I didn't always like his candidates, but I knew he always did; when he told me about someone he thought should be in office I always knew he was telling the truth. He actually cared about people and issues, and when things went badly (when, for example, a candidate he helped elect to the school board voted the wrong way on the Reserve Officers' Training Corps and infuriated the queer community) he felt personally let down, just like the rest of us.
AIDS has ravaged his generation of gay men in San Francisco, and there aren't many people left in politics who are links to the days of Milk, who can remember and tell stories of a time when the idea of a queer person serving at City Hall was considered an astounding breakthrough. And it's in part because of him that San Francisco now has two queer supervisors, two queer state legislators, and queer representation at virtually every other level of government.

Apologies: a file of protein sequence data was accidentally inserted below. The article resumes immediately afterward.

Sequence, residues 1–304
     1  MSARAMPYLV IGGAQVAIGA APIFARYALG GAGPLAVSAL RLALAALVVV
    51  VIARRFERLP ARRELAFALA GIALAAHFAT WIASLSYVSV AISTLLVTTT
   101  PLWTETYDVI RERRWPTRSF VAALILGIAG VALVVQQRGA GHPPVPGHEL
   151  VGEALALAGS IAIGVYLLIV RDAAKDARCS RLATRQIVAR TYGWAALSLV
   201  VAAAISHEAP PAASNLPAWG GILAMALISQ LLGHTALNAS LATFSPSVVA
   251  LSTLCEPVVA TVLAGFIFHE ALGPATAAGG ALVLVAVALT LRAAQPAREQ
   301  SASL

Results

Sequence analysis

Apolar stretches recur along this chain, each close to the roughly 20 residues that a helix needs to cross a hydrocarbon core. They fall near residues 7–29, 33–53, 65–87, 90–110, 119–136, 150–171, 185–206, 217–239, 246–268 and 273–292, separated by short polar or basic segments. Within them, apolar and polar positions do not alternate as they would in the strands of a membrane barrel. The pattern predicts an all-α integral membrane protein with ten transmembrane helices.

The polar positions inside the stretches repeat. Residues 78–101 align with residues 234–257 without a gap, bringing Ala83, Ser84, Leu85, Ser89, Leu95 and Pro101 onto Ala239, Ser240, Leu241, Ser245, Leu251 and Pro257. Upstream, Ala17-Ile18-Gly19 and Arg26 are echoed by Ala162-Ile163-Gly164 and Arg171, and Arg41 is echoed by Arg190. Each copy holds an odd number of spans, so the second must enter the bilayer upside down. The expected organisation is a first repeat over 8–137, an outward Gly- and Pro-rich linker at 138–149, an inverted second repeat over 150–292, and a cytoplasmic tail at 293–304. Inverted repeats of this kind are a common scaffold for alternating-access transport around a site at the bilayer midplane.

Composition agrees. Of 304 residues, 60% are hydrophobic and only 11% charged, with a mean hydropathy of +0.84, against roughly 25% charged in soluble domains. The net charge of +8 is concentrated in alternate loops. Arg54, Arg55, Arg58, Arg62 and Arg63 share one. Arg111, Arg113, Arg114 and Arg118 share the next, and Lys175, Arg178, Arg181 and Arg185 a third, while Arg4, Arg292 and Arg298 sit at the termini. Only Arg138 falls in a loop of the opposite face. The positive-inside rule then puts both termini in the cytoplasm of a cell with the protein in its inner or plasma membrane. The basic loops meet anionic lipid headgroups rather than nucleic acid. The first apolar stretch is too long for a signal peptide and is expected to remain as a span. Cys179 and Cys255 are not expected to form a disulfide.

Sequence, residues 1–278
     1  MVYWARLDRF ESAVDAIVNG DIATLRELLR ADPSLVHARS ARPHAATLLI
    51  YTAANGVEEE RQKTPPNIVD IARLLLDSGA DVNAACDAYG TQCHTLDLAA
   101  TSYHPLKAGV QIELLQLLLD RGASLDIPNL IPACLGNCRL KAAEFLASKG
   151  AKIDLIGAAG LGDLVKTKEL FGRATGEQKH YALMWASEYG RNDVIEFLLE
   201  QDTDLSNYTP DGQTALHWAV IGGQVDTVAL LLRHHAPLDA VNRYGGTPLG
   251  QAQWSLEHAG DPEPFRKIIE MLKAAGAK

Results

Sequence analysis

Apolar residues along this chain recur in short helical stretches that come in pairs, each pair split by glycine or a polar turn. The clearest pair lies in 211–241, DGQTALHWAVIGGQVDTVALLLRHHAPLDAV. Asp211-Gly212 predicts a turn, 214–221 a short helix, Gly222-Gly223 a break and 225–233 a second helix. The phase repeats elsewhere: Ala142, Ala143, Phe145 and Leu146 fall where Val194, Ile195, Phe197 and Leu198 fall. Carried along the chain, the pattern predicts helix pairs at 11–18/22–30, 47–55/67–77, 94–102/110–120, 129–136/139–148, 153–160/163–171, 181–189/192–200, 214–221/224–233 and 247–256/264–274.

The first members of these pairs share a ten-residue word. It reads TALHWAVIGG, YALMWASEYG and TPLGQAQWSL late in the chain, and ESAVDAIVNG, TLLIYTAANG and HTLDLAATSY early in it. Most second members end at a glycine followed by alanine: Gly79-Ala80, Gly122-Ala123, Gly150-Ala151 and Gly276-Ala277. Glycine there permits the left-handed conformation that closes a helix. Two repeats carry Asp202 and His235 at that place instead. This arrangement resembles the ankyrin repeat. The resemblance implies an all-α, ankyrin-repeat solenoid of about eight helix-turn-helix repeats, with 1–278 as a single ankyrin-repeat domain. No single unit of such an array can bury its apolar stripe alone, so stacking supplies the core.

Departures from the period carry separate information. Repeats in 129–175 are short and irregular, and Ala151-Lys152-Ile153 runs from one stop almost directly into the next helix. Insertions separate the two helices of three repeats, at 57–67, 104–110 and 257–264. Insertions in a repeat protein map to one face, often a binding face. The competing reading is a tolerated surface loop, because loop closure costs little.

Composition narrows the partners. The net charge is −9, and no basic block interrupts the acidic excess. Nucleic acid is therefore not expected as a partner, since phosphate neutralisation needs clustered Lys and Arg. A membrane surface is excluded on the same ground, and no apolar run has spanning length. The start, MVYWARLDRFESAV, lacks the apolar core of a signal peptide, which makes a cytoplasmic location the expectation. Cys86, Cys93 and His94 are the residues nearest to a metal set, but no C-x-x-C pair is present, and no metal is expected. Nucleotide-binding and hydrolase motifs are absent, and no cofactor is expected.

But I think the most remarkable fact of Rivaldo's life is that he was such a decent guy that he could be friends with so many people who were so often at odds, often to the point of not speaking. He talked to Jack Davis and Tom Ammiano, to Migden and Mark Leno, to Terence Hallinan and Kamala Harris. They all liked him; they all respected him. They'll all miss him. And so will I.
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